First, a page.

Coca-Cola Debuts New Global Packaging

All Coke Varieties Will Feature Brand's Trademark Red

Published On
Apr 19, 2016
New Global Packaging 2016

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Coca-Cola is announcing tonight a major global packaging shift as part of its push towards a "one brand" strategy.

The new packaging for the entire Coca-Cola trademark will feature the brand's signature "Red Disc," which figures prominently in the new "Taste the Feeling" campaign. The graphic visually unifies Coke, Diet Coke, Coke Zero and Coca-Cola Life. The new design will hit shelves in Mexico the first week of May and then roll out globally throughout 2016 and 2017. Packaging changes won't come to the U.S. until at least next year.

"Coca-Cola North America is exploring a variety of 'One Brand' packaging graphics for the Coca-Cola trademark," said Judith Snyder, a spokeswoman for Coca-Cola. "Due to an already packed promotion and marketing calendar, there will not be any changes made in 2016. The results of testing in North America will inform their packaging considerations for the Coca-Cola trademark in 2017 and beyond."

The brand must also decide how to integrate Diet Coke, which is the only variety to use the word "Coke" on packaging in certain markets. The new packaging all features a unified look utilizing the script Coca-Cola. "In markets like the United States where Diet Coke has a large and loyal fanbase, the business is considering how it will integrate Diet Coke into the 'One Brand' strategy," Ms. Snyder said.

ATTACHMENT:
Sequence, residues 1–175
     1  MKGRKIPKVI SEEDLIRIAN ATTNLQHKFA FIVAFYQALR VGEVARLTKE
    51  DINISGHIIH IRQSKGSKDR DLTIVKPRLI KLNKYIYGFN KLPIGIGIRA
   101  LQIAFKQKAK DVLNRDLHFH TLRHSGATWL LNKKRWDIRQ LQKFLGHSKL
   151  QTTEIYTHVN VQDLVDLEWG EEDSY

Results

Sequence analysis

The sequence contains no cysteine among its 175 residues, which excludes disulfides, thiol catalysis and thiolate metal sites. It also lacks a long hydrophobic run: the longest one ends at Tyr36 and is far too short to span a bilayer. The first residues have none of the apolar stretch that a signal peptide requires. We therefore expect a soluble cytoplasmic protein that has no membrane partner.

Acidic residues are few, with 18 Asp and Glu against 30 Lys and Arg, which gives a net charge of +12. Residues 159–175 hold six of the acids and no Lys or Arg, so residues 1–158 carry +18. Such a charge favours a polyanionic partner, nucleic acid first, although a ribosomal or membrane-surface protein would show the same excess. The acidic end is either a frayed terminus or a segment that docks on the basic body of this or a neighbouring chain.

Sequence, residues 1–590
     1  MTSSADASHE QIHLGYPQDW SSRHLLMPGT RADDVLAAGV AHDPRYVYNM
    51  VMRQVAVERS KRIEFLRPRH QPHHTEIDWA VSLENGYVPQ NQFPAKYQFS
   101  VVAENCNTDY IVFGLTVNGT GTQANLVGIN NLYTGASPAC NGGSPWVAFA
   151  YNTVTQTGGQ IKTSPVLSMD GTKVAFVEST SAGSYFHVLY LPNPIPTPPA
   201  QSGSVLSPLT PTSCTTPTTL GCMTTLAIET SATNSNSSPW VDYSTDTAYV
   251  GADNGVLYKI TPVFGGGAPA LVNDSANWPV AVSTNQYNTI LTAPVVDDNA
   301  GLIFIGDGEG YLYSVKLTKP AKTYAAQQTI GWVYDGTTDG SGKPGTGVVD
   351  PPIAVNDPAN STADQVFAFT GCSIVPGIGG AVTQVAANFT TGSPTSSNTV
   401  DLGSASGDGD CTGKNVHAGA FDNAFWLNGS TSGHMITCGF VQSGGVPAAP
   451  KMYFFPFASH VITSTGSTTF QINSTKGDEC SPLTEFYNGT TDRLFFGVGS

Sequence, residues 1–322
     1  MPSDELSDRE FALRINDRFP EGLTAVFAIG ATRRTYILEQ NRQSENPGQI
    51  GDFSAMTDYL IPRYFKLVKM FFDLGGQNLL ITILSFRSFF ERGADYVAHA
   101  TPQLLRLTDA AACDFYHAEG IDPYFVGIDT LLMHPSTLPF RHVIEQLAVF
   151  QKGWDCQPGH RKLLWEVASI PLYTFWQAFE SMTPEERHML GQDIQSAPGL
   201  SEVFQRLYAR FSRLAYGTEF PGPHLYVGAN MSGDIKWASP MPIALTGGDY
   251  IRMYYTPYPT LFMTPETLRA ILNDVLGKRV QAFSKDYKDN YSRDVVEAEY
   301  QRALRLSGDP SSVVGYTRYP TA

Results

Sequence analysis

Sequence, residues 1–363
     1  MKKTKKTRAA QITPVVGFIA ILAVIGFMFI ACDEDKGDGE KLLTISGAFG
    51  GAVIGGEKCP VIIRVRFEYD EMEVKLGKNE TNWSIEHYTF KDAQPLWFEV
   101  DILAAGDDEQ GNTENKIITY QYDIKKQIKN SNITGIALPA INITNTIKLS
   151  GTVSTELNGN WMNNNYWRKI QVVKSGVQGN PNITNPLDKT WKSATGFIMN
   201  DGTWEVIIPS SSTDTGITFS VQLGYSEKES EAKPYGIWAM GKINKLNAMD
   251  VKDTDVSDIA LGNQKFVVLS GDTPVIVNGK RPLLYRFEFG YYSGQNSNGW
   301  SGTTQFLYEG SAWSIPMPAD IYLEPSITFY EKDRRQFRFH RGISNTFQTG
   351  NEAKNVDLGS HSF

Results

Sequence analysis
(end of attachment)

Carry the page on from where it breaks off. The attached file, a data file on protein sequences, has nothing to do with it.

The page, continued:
"Packaging is our most visible and valuable asset," said Marcos de Quinto, chief marketing officer at Coca-Cola, in a statement. "The Coca-Cola Red Disc has become a signature element of the brand, synonymous with great taste, uplift and refreshment. By applying it to our packaging in such a bold way, we are taking the next step towards full adoption of the 'One Brand' strategy, uniting the Coca-Cola family under one visual identity and making it even easier for consumers to choose their Coca-Cola with or without calories, with or without caffeine."

The changes, announced at an event in Mexico on Monday, represent an historic shift for the company. "The unification of the brands through design marks the first time in our 130-year history that the iconic Coca-Cola visual identity has been shared across products in such a prominent way," said James Sommerville, Coca-Cola's VP-global design, in a statement.

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Contributing: E.J. Schultz